Safe Sausage-Making Spices and Seasonings

Safe Sausage-Making Spices and Seasonings
Rate this article

THERE ARE SEVERAL SPICE CHOICES WHEN MAKING SAUSAGE, BUT ONLY A HANDFUL ARE RECOMMENDED.

spices for sausage

When casing your own sausage, you may be limited to the type of ingredients you can use, but there’s still a wide range of spices and seasonings that are always okay to use.  Below is a list of spices for sausage making.

Most common spices for sausages

Feel free to experiment and invent your own special blend of seasonings and name it whatever you want. Take it to the next level: print your own label and tape it to an empty bottle… Okay, so maybe that’s a bit too geeky – well, they don’t call us the #MeatGeeks for no reason ;).

  • Allspice 
  •  Bay Leaves
  • Cayenne
  • Chile Peppers
  • Chili Powder
  • Cumin
  • Fennel
  • Ginger
  • Mace
  • Paprika
  • Sage
  • Salt
  • Thyme

I always recommend using whole spices for things like pepper, bay leaves, and other pickling-type spices. Try and avoid finely ground spices – their flavors get “lost in the mix”, and they will not be as prominent as a standard-ground spice.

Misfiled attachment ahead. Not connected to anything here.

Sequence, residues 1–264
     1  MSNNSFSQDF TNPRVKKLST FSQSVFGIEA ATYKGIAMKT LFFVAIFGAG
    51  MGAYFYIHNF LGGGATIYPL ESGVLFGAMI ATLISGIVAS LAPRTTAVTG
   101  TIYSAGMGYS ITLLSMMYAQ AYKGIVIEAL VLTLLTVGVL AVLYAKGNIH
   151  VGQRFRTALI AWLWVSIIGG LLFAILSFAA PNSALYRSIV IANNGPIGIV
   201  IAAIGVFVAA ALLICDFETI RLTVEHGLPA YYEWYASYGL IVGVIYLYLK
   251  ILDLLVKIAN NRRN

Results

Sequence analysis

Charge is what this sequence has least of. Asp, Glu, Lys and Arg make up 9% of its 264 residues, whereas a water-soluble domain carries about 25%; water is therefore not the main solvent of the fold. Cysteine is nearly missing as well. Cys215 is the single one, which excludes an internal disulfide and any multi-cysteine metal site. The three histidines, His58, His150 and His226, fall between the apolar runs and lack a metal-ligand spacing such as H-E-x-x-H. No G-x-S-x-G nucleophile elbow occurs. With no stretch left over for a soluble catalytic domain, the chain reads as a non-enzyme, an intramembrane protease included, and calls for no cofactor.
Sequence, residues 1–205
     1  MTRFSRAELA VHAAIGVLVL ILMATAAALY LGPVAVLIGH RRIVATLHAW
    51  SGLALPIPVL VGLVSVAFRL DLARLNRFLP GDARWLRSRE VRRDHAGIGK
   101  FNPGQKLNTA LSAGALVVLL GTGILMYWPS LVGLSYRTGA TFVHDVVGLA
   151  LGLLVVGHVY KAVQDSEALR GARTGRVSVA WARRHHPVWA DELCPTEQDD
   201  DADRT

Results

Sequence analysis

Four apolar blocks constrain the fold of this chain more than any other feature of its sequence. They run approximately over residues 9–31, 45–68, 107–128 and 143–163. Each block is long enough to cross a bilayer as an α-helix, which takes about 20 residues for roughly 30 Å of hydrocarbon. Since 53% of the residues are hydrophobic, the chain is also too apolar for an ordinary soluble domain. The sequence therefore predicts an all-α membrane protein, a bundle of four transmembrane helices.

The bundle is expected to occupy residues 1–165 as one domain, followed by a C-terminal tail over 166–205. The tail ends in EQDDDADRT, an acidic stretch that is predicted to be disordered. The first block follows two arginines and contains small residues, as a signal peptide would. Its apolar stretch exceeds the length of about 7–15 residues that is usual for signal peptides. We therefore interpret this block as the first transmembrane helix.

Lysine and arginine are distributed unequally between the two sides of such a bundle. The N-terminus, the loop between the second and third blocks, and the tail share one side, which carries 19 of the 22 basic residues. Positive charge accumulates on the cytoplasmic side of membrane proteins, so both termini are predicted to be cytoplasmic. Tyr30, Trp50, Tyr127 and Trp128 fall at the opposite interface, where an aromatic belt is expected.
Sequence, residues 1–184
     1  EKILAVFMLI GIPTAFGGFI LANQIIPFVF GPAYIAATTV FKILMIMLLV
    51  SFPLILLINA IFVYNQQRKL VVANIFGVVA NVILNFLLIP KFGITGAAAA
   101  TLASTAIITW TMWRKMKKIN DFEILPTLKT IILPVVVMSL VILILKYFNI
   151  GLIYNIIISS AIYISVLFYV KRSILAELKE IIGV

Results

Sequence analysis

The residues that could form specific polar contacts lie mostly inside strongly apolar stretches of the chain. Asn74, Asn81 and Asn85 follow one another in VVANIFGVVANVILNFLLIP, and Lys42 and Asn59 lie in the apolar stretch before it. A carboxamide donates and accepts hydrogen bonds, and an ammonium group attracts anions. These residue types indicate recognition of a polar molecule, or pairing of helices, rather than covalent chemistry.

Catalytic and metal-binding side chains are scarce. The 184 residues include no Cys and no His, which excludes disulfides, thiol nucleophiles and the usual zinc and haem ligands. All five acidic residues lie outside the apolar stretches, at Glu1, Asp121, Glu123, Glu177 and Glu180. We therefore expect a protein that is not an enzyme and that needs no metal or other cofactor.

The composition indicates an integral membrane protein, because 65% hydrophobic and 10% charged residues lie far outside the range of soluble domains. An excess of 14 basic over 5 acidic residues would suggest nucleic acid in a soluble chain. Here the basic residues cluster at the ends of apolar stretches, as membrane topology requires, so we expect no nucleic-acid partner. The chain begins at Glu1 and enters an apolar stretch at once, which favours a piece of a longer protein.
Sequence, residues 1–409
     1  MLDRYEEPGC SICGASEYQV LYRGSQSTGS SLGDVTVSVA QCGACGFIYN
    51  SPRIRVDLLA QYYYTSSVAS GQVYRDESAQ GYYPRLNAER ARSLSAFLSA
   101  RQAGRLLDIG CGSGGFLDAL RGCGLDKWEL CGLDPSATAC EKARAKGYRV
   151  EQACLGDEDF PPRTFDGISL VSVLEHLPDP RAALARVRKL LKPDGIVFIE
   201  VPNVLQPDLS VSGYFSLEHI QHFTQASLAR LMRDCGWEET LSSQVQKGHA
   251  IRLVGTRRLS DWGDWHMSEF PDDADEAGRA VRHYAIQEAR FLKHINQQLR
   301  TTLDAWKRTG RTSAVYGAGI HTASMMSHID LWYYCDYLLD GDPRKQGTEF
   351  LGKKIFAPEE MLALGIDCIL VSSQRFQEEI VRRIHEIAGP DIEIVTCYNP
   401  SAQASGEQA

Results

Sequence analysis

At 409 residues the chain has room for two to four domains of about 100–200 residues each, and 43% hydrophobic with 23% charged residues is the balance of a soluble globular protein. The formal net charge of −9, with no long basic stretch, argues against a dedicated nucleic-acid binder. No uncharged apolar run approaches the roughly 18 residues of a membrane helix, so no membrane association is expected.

When using onion or garlic, I recommend fresh-chopped. Also, you will usually want to avoid mincing your garlic or onion – I recommend a coarse consistency.

So what about the salt?

What kind of salt should I be using?

Good question. Salt is a spice that comes in endless varieties, so which is best? Better yet, let’s start with what not to use: don’t use an iodized salt. Salt is an important part of most sausages, so don’t skimp here. Use a high-quality salt. The salt is responsible for preserving your sausage, help with holding it together, and flavoring it. With all that considered, I recommend a canning or purified salt. I also like using kosher salt for cooking.

I don’t want to skimp on the quality of my salt, how do I know if my salt is good enough?

Try this, take a cup of water and put a teaspoon of salt into it. As the salt began dissolving did the water turn cloudy? Not good. Clear, and you’re in the clear; not clear and well, not clear. If your water turned cloudy then it’s likely that your salt has a high level of “heavy metals”. 

Note: try not to alter the amount of salt that a recipe calls for, as salt is also used as a preservative. 

Leave a Reply